Rarely when looking at band’s info on Facebook or wherever do you come across something that accurately sums up what a band is all about. Kings & Daughters are one exception to that rule. From their Biography section on Facebook:
If you’re looking for the next big thing, this ain’t it. If you’re looking for something that’s going to redefine a genre, you’ve come to the wrong place. If you’re looking for someone to tell you what to believe and how to believe it, we suggest you move on. We are just two lone wolves without a wolf pack and the two best friends that anyone could have. We are Kings & Daughters.
Kings & Daughters is essentially a two-man project of “best friends” Carlos Salazar and Trent Gibson who were both previously in Before There Was Rosalyn. In their words, they set out to make “honest music “ and from the start planned to give it away, which poses some obvious issues from a record label viewpoint. Up and coming hardcore label On the Attack Records singed them to a distribution deal where they will press a limited amount of physical copies of the album, which are available for sale and on December 4th, HM Magazine will host the free online distribution of the ep.
Although through their own description, one clearly gets the idea that this music won’t be the next big thing or redefine genres, it has heart and passion behind it which is something sorely lacking in a lot music today. Vocals in all the songs border on the edge of being out of control, drums slowly pound or roll like a freight train, and guitars start and stop and lurch about in a all sorts of crazy riffs. From a style perspective, one can’t help but be reminded of old Norma Jean and Chariot. That’s what we’re talking about here. Pretty much pummeling organized chaos with all sorts of crazy starts and stops with some melodic sections thrown in and some sections that could be characterized as breakdowns.
The ep opens up with one of the best opening songs I’ve heard in a long time. “The Rampant: A Sung Farewell” explodes with drums and raked guitar alternating with chords and then a fast melodic section that leads into the breakdown-like parts before shifting back into faster melodic sections and then throw in some more starts/stops with one the edge vocals being screamed over the top of it and you get an idea of what will happen on this album. Those of us who have seen bands like this live can instantly picture what this would look like live. Lots of sweat, guitar players running into each other and crashing about on stage, a drummer who spends much of the night as a blur, and a singer who looks like he’s near death by exhaustion at the end of the show.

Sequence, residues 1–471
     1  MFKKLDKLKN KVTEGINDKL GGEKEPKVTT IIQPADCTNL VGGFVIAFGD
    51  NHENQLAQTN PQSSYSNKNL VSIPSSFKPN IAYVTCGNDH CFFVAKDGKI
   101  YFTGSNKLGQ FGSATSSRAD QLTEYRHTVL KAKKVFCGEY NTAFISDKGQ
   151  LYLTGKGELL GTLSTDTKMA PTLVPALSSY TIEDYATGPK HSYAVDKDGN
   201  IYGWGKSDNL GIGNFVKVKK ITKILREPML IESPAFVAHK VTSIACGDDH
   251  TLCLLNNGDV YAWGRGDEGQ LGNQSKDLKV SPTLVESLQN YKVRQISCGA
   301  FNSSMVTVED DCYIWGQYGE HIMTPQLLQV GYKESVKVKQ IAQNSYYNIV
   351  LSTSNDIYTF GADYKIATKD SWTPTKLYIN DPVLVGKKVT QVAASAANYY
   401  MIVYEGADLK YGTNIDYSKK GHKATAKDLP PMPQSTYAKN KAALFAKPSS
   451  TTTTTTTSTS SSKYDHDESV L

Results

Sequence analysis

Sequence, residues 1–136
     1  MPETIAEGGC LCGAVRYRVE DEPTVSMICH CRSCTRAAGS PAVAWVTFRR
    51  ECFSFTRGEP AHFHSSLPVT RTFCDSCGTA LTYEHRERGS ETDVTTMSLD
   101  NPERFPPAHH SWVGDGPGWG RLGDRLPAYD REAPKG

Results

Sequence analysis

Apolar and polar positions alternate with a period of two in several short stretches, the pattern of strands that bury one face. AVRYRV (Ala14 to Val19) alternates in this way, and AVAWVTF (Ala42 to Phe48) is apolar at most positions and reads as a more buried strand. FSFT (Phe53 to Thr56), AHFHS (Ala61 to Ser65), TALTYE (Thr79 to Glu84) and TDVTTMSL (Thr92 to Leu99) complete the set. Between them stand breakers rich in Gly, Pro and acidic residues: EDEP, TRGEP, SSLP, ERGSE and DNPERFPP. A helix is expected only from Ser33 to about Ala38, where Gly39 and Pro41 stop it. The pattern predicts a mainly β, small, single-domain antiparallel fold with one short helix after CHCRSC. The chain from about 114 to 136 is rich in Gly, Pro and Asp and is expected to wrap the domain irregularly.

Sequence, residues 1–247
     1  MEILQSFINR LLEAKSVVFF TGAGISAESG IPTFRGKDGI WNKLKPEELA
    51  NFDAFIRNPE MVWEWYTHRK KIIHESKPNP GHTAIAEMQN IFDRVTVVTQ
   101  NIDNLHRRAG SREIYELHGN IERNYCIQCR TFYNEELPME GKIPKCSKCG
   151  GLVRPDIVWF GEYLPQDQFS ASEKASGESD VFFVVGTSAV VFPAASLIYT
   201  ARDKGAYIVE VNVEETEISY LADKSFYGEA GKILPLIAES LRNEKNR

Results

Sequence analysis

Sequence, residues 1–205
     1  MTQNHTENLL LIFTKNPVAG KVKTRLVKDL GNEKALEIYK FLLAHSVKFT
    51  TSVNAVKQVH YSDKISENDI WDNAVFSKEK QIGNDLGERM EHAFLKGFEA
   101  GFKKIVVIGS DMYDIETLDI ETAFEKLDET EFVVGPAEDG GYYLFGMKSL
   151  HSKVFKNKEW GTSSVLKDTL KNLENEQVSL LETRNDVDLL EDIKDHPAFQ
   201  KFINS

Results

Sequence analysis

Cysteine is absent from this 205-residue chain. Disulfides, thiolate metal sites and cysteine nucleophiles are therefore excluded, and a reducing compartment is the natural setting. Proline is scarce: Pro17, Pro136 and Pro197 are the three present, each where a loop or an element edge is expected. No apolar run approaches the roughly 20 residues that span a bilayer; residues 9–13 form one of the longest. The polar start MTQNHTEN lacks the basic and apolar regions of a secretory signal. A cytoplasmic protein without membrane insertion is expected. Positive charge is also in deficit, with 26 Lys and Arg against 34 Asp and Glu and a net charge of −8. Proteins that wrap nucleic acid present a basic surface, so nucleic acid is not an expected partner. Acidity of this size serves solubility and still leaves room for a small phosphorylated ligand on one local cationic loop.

One thing I certainly appreciate in this album is the relative lack of clean vocals as I have my own set of issues with them in this genre as they never seem to quite fit. The other part I found interesting is that there are sections in the songs that could be classified as breakdowns but they’re handled a bit differently than most bands. “The Salient: A Ravaging Beast” provides some good examples of what I’m trying to explain. In some “breakdown” sections, the vocals continue unabated over the top which “breaks up” the breakdown and in another section, the bass guitar line continues through what would be a breakdown, tying things together.
You don’t have to be a fan of the genre to appreciate this ep. “No image, no hype, just rock and roll” is a quote in the press release for The Lion ep and really that sums it up perfectly. Kings & Daughters hit their mark, giving us a debut ep with powerful vocals, loud guitars, pummeling drums, melody and chaos done with passion and heart.
1. The Rampant: A Sung Farewell
2. The Pharoah: A False Idol
3. The Salient: A Ravaging Beast (featuring Shane Raymond, ex Close Your Eyes)
4. The Sphinx: A Graven Image
5. Of Judah: A Man Alive (featuring Blake Williams of Concepts)
Trent Gibson – Guitar
Carlos – Salazar – Vocals
Andrew Burke – Guitar
Record Label: On the Attack Records, Dec. 2013